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Soil Sisters utilize best practices from the Green County Land & Water Conservation Dept

After completing a Conservation Land Plan through Wisconsin Women in Conservation with Tonya Gratz, a Soil Conservationist with Green County Land & Water Conservation Department, we feel confident that we can convert our land into a haven for all wildlife from the smallest microbe to the deer that occasionally pass through.



06/21/23

Monroe Times
By Alicia Gasaway, Gasaway Gardens (Monticello, WI)

My family has been so thankful for the rain this weekend. It seems the only things that were thriving in our fields were lambsquarter and thistle. At least lambsquarter is tasty! Most people count it as a weed, but it is a quick-cooking green that only needs a little bit of salt to be delicious. Pinch the tender tips off of the young lambsquarter, give them a quick rinse in a bowl of cold water, drain, and cook down in a pot on the stove for 3-4 min. Add a pinch of salt and enjoy!


We count lambsquarter as a cover crop because we use it in the kitchen and our goats love it as well. We introduced buckwheat and amaranth this season and are trying to get our red and white clovers to spread. Having a variety of cover crops helps keep the soil moist during periods of drought. Other great things to do are introducing earth worms (great project for school age kids to take charge of), mulching around plants as much as possible, and adopting no-till methods.


After completing a Conservation Land Plan through Wisconsin Women in Conservation (WiWiC) with Tonya Gratz, a Soil Conservationist with Green County Land & Water Conservation Department, we feel confident that we can convert our land into a haven for all wildlife from the smallest microbe to the deer that occasionally pass through. The land walk took less than an hour for our 5 acres, and the plan she developed for us was extremely thorough. She laid out a project timeline that we discussed together with specific plants and methods for our particular areas of concern. She provided a list of native trees to our area to help us establish a wind break, and mentioned the Conservation Reserve Program. She took lots of pictures and provided feedback on all the things that she saw. It was a long document, but so useful for us and we refer back to it almost weekly.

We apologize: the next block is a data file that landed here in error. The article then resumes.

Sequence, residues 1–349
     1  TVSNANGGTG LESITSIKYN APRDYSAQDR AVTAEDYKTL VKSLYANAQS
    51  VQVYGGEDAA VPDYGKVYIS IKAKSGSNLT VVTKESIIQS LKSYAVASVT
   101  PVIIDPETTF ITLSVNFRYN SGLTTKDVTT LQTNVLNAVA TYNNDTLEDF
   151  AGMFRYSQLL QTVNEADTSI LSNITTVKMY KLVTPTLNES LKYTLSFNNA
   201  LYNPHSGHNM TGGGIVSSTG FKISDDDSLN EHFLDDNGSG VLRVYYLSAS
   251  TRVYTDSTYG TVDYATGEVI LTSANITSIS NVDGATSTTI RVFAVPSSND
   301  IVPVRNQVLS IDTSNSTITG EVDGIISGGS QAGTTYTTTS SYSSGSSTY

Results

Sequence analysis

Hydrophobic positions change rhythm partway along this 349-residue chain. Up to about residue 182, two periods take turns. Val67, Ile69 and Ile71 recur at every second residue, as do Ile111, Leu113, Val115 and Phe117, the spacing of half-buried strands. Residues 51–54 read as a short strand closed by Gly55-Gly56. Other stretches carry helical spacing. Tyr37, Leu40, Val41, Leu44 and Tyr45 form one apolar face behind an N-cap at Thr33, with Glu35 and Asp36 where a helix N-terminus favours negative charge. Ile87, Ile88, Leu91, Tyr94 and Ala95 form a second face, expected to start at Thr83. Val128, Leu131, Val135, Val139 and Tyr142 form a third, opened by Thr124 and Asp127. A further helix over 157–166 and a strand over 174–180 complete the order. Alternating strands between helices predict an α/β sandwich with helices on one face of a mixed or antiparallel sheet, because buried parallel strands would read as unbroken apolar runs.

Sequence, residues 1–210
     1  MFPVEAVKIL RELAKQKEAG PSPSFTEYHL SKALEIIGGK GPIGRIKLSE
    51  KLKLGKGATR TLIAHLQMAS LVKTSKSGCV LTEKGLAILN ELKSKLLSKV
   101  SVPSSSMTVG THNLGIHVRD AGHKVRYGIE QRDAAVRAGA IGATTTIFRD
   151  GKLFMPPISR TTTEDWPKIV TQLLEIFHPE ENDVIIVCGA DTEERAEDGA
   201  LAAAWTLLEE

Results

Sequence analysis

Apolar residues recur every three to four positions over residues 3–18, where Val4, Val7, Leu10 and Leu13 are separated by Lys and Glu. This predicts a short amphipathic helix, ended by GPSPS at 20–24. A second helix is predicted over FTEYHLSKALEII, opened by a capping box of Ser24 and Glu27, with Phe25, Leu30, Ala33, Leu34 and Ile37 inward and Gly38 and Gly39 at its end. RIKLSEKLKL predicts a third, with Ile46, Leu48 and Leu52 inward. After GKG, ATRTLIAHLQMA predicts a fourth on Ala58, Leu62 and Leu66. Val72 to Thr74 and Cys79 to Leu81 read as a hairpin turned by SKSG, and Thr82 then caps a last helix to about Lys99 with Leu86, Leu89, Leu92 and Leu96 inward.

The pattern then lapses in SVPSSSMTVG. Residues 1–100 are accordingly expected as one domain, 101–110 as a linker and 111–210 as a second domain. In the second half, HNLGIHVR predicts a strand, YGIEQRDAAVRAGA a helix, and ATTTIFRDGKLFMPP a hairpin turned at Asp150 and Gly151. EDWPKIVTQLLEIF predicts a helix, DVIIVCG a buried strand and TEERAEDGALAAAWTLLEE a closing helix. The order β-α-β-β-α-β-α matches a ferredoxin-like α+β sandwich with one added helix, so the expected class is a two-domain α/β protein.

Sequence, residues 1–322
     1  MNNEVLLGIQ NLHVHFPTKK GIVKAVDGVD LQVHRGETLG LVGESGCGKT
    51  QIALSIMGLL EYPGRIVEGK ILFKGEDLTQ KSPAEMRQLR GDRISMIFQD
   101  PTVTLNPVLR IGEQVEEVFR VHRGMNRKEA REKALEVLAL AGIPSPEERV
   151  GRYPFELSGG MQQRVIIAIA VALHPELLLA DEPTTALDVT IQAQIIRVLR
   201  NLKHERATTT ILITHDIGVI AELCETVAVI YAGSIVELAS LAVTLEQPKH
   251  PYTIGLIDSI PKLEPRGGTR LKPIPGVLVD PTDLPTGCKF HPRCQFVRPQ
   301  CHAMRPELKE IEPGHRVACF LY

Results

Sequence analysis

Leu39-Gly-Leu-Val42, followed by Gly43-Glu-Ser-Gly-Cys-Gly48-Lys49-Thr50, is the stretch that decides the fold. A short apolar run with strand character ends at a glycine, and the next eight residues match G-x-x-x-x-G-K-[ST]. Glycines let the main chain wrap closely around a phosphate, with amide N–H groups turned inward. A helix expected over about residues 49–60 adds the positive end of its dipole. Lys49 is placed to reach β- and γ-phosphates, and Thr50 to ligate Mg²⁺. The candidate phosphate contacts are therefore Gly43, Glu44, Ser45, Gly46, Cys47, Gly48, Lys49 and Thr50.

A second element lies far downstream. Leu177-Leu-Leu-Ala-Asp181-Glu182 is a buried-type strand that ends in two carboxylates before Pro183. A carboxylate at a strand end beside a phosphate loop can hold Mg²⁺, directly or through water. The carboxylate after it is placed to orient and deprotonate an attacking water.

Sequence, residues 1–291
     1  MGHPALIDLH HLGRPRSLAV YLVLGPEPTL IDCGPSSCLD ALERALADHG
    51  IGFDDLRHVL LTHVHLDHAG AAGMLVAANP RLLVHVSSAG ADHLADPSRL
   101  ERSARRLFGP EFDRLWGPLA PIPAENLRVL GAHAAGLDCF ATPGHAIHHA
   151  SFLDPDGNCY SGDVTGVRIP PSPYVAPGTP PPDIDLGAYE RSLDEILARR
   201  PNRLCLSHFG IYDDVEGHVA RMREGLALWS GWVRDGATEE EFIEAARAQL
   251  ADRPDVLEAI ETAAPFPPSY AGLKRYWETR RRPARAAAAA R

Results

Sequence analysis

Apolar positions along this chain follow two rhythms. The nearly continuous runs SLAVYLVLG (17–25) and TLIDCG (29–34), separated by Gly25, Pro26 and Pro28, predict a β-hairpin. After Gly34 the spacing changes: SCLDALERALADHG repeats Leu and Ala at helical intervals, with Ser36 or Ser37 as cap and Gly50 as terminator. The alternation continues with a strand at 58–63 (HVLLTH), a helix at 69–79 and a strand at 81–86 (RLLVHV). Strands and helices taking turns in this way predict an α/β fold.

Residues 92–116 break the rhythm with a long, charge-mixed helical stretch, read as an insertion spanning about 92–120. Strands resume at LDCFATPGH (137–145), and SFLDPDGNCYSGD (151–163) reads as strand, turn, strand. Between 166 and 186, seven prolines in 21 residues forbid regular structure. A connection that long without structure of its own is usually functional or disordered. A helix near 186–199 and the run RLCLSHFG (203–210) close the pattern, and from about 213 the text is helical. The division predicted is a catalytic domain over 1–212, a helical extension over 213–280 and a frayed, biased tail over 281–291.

We have created over 200sq ft of raised beds so far, and plan on another 300 sq ft this year or next. We have begun mulching and putting up bat houses and bird houses. We have started clearing invasive plants from our hill. There are several large projects ahead of us, but we are excited to see the health of our soil and land improve. We know many others who have had the opportunity to work with the Green County Land & Water Conservation Department as well. I highly recommend having a land walk done on your property. It is easy to arrange, requires little work of you, and will provide you with professional direction to create the healthy abundant land you long for.


On Sunday, July 16th, we will be hosting a Learning Circle through Women, Food and Agriculture Network on our property. In partnership with Soil Sisters, I will be giving a tour of our land and discussing the land plan and other conservation methods we have begun to incorporate. Community members will have an opportunity to ask questions and share their own stories as well. This will be followed up by a potluck and our regular Soil Sisters circle, which is always open to any interested women in the Green County area! We have seen a lot of new faces lately, and want to encourage more women to come out and join us even if you don’t know anyone yet. We have great food and fun people! The link to register for the event can be found here: www.soilsistershub.org.


I hope we begin to have regular intervals of rain this season, and I hope you all have success in implementing methods to protect and build soil health. We can all work together to keep Green County a beautiful place to live.


— Alicia Gasaway lives in Green County on a cute 5-acre hobby farm. She lives with her husband and two children, and a growing number of animal friends serves as a WFAN Stewardship Ambassador, sharing her conservation story.. The Gasaways practice rotational grazing, cultivate a newly started food forest, grow medicinal herbs and herbs for tea blends, and run a produce stand during certain months of the year. Soil Sisters, a program of Renewing the Countryside, connects and champions women in the Green County area committed to sustainable and organic agriculture, land stewardship, local food, family farms and healthy and economically vibrant rural communities.

This Soil Sisters column originally ran in The Monroe Times on 6/21/23.



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